Players like Vinnie Colaiuta, Chad Wackerman, and Terry Bozzio have really inspired me with their depth of approach beyond just having a few set licks that you play over and over, and that’s obviously because they’ve practised so many permutations and variations and have developed such expansive musical and rhythmic vocabularies. In my own way, I’m always trying to phrase things differently, because I love that attitude of taking risks musically and stretching your creativity, but choosing your moment is crucial though. I was also influenced by Andrew Gander in my student days, in the way that he would often set up his drums differently for the variety of situations he was in. When I was a student learning from Andy, I would go to many of his different gigs because I found him to be quite inspiring with the rhythmic material he would come up with and the way he executed it technically. I learnt a lot about technique and touch from watching Andy play. For Bebop gigs he’d have a tiny kit tuned a certain way, and for TV show’s he’d have a bigger kit tuned differently again, and then he’d play with Sonic Fiction and he’d have a different set up again. I started taking inspiration from that and have always changed my set up to sonically fit the musical situations I find myself in. It also keeps things interesting from gig to gig.
Jared, you’ve certainly got your fingers in a lot of pies, artistically speaking, and you particularly do a lot of collaborative work, or what I term “artistic mixing”. Is this something that is becoming more common within the industry?
On a general scale, if I opened up Drumscene Magazine and looked at what other drummers on a national level are doing, I would say that what I’m doing is unique, but within my musical community I don’t feel it’s that unique. I know a few other musicians in my scene are doing some amazing multi-disciplinary collaborative stuff, but then at the end of the day, it’s really all just music, isn’t it? If I’m playing drums on a festival stage, or composing music for a short film, it’s all still just trying to tell a story musically and bring something creative and unique to that event. You know, when you’re a percussionist, it’s much different than playing a single instrument like violin because you have to play vibes, marimba, timpani, and so on, right down to the triangle. And then for some percussionists that also includes drum kit! So, for me, that discipline and attitude of playing many instruments led me to getting involved with multi-disciplines like film music, song writing, studio producing and collaboration. There are also lots of other guys in the world who do this as well, drummers who are piano players or producers, and guys like Stewart Copeland who is a great drummer who writes music for film. More specifically to me though, because I started on piano, and spent 8 years studying classical percussion I’m not completely satisfied playing drum kit only, and my music writing really all started out when I began cowriting with other artists, and as a member of bands from about 1998 onwards. When I first came out of uni I wasn’t confident to write complete songs myself and at the time I was focused on being a drummer and had studied that and I thought that was my only role in a band. But over the years I’ve learnt to put aside any reservations or hang-ups about composing music and just do it. These days I often start my compositions on the vibes or marimba, actually.
Every situation is different and requires a different approach, no doubt?
Yeah, definitely. There is a different artistic sensibility with each situation. I really enjoy the variety of genres I have to play but I have to make sure I’m properly prepared, through learning the material and also listening to music in that genre to get the sonic quality of the drums and feel for each style. I play with Sydney Reggae group ‘King Tide’ from time to time, and then I’ll do the complete opposite and play in a Frank Zappa tribute band called ‘Petulant Frenzy’. Another complete opposite of genres would be Daryl Pratt’s Jazz Fusion band compared to a Dance Pop group I play in called ‘Grafton Primary’ where I play to a click and have triggers on the kit, use 2B sticks and 20” crashes!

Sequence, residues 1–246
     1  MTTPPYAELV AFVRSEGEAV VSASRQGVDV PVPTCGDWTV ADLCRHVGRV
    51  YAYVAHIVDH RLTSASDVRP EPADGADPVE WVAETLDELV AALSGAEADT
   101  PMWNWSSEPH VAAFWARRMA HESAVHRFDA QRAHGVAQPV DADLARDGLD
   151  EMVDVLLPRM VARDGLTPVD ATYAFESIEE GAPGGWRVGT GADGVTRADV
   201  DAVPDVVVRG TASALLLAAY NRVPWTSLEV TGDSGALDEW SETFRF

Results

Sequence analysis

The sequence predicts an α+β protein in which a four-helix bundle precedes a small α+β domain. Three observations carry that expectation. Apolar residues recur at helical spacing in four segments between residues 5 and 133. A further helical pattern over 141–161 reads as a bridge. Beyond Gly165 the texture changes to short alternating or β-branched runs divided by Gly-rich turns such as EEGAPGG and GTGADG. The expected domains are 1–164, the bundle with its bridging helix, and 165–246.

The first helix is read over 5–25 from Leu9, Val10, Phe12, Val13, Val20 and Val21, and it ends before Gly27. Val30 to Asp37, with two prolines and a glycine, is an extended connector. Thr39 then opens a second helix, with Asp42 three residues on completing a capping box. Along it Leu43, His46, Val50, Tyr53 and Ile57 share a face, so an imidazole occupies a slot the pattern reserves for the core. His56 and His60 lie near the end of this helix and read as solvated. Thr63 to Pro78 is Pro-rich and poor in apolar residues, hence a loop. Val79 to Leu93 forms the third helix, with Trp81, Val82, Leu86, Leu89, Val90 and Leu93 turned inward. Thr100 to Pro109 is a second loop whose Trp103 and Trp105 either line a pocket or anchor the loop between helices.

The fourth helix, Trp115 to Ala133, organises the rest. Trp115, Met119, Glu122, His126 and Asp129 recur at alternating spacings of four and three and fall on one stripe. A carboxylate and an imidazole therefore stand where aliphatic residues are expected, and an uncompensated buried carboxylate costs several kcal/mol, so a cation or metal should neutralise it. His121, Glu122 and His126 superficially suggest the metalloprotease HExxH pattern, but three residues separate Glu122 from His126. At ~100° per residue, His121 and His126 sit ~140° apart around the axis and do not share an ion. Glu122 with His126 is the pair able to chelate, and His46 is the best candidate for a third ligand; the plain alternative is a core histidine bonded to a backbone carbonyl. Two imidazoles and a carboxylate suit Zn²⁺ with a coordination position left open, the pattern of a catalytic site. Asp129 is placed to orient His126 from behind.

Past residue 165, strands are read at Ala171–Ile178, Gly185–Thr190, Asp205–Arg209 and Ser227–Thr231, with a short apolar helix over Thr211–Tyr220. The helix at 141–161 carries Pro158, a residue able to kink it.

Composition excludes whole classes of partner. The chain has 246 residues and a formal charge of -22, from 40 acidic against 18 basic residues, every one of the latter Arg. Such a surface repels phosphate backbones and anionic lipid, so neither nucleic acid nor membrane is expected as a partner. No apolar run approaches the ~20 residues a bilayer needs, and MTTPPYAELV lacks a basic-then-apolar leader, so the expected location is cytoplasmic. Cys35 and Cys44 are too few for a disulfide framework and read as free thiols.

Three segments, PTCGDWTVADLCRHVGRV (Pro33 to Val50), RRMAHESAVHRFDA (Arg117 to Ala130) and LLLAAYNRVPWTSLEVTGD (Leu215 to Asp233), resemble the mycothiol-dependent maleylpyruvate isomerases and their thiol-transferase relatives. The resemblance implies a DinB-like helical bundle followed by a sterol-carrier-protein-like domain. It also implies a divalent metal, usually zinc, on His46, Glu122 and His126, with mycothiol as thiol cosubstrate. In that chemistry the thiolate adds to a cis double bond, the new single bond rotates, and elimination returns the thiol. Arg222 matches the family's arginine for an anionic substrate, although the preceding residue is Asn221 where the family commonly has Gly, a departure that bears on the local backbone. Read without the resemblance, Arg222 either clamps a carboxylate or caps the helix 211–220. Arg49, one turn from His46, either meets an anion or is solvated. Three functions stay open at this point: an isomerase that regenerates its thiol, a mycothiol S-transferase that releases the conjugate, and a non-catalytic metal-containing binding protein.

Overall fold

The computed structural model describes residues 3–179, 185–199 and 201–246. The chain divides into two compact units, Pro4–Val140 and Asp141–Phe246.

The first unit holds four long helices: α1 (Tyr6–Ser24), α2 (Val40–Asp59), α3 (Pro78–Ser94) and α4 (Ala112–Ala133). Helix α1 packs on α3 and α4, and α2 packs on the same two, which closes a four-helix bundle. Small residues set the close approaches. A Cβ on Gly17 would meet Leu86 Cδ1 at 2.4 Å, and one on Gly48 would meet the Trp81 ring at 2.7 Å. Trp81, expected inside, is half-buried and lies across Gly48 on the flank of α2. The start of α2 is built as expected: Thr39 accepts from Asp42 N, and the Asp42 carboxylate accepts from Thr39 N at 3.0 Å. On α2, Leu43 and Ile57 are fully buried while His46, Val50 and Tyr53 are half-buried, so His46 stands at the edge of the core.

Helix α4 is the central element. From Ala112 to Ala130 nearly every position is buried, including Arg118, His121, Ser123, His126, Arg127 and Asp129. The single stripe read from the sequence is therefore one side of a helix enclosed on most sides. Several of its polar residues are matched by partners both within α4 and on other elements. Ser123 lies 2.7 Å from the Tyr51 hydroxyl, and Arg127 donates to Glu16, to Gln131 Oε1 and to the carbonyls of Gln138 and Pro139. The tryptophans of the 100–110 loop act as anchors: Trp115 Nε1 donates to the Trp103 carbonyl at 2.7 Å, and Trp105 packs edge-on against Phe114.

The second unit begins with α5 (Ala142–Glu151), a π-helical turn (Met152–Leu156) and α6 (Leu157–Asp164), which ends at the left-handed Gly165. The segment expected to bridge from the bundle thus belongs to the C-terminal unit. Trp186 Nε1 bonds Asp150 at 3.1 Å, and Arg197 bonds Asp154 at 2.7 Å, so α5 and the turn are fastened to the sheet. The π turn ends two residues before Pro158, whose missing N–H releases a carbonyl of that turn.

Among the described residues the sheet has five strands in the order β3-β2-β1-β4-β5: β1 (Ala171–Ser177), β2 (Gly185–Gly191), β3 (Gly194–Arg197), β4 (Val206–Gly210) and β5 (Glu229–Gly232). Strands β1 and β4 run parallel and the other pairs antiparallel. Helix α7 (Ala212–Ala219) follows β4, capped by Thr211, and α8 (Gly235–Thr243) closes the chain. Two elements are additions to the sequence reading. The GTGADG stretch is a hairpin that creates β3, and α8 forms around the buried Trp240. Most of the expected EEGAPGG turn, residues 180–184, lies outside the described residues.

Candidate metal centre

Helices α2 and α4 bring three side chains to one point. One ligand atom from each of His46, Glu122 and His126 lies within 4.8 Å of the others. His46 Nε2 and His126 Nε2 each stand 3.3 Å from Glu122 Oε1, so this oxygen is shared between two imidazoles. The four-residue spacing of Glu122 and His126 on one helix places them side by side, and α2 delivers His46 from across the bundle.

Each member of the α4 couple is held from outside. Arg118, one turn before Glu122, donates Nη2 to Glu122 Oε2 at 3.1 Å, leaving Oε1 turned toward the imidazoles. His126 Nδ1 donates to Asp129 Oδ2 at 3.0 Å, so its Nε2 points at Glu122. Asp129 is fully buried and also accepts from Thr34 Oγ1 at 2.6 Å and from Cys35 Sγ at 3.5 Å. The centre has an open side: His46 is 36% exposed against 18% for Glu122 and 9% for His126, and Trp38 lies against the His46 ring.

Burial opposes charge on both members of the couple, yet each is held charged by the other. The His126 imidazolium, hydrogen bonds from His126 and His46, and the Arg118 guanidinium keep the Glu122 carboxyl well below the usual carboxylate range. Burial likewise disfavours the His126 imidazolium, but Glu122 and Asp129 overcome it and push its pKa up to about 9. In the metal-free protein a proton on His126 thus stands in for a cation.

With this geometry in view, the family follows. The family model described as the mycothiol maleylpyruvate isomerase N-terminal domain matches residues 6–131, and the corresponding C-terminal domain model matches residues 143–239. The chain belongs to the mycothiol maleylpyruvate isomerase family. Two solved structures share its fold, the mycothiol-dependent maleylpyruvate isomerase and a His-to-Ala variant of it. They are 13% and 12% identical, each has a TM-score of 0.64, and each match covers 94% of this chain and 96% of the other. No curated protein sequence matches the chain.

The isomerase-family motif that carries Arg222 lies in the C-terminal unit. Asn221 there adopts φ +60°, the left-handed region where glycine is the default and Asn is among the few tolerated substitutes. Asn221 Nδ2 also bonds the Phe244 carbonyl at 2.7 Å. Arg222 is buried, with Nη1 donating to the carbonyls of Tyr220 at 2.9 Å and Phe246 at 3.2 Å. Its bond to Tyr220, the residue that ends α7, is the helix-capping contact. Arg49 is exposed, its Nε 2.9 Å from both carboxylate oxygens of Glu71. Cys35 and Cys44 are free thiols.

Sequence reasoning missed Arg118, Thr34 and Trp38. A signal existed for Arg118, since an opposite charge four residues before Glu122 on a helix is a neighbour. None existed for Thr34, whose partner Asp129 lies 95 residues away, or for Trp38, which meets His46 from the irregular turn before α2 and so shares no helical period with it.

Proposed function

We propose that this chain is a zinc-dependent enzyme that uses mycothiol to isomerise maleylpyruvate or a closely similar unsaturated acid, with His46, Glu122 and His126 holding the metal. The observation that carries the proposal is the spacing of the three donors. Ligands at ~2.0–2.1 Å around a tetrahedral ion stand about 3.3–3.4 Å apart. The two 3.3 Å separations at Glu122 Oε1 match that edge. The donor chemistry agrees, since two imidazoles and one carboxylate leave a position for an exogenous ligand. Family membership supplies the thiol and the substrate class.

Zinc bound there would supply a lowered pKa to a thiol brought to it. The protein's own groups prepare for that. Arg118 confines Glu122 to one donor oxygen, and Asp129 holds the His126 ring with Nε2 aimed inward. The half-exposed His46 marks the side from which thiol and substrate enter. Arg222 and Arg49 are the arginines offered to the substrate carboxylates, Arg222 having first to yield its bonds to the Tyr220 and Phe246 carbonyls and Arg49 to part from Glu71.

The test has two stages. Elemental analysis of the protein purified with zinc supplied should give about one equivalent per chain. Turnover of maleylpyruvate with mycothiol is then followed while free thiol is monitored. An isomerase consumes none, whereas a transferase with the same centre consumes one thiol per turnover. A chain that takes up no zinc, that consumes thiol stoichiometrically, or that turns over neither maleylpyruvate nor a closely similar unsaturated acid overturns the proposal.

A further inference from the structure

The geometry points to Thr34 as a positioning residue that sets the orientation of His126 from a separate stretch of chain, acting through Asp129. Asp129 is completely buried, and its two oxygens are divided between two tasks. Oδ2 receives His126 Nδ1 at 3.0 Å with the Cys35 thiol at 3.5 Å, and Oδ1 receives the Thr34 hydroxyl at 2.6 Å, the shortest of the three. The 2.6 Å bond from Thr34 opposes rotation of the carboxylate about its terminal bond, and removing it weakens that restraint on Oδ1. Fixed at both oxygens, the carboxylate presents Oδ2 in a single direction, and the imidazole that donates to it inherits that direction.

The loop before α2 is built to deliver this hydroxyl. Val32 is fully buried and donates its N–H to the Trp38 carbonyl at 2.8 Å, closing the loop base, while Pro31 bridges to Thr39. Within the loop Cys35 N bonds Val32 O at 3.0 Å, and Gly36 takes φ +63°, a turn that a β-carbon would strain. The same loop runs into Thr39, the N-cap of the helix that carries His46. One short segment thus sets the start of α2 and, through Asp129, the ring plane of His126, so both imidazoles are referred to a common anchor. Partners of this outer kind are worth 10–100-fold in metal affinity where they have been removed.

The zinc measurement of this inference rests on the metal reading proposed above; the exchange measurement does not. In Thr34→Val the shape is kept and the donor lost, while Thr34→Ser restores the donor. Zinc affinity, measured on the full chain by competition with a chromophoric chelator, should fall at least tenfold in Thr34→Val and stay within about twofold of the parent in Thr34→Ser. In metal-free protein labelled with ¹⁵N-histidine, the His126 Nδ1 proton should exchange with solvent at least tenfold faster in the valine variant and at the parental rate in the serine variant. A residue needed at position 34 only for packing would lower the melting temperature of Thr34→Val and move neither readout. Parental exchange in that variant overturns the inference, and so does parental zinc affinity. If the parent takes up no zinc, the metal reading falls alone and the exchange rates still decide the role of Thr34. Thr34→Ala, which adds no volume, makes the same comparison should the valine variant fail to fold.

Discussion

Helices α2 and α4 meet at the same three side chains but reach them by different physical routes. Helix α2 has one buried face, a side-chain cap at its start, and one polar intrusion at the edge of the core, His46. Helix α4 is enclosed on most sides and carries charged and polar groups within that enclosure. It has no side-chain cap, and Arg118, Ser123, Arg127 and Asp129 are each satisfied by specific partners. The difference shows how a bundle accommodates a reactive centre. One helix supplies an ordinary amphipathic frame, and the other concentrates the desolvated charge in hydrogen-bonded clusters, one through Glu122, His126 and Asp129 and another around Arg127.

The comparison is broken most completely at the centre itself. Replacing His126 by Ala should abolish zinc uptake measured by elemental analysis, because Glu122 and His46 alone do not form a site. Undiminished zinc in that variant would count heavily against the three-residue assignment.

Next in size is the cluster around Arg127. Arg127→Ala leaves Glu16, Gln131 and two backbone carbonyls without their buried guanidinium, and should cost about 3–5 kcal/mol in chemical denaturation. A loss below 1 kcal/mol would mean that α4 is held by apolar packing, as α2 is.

Well, in that same sense then, how do you juggle the 3 roles of composer, performer and producer, and are you finding a particular pull toward 1 of these roles in particular?
I do enjoy the diversity, and to be honest, I’m not such a “planning person”. I’ve been active as a freelance musician for the last 15 years since I left university and have been pulled and pushed toward different things over that time, but now that I’m getting older – and I just got married a month ago – I’m starting to pull things more into focus and make my decisions more in line with what I personally want to do as an artist, rather than just say “yes” because I can do the gig. So, I’m getting a new website built at the moment, and going through the process as to what I want to present myself as, and this has been a really good catalyst for me to think about what I really want to do, as opposed to being known as a Jack of all trades. Over the years I have developed the skills to do a wide variety of things, but these days I’m thinking more about my future. For me, my drive is to be creating original music of my own and collaborating with other people on music or projects that I feel represent my musical personality. After leaving the Con having done the Classical course, the obvious choice is to go and audition for, and join, a Symphony Orchestra, and some of my mates have done that because that’s been their passion, but that’s something I’ve never wanted to do. As soon as I finished up at the Con I really knew that I wanted to write my own music, and that is something that I find really energising. I also know a lot of guys, who are session drummers, and they get a lot of satisfaction from playing other people’s material and they are good at that, and that’s absolutely valid. I still do session work as I have been for the last 10 years, but these days I feel drawn to doing as much writing as I can. I have a duo with a singer who plays electric guitar through loop pedals and boxes, and we play improvised music and interact immediately and never play a song the same way twice. I feel very creatively stimulated when I do that, because it’s not like rehearsing a Pop song over and over. Not that there’s anything wrong with that…
You’re speaking of the Focale project here, right?
Yeah, right. This is a duo with me on drums and electronics and Robyn Wilson singing and playing guitar through multiple loop pedals and effects. We just finished recording an album together at 301 studios that has just been mixed and mastered, so that will come out soon independently through our website www.focaleland.com I really enjoy the energy and rawness of this project.
What does the rest of the year look like?
Well, with the website under construction, the aim for me is to really get my name out there as an individual and forge that identity more and more, like we spoke about. I’m also working on a solo album which you’ll be able to find out more about on the website when I get that up. I’ll still be producing and engineering, but as a drummer I want to do a live project that I have more control of rather than just continuing to be a sideman. When you start to develop a musical character, people will start to come to you for what you do well, and that direction inspires me.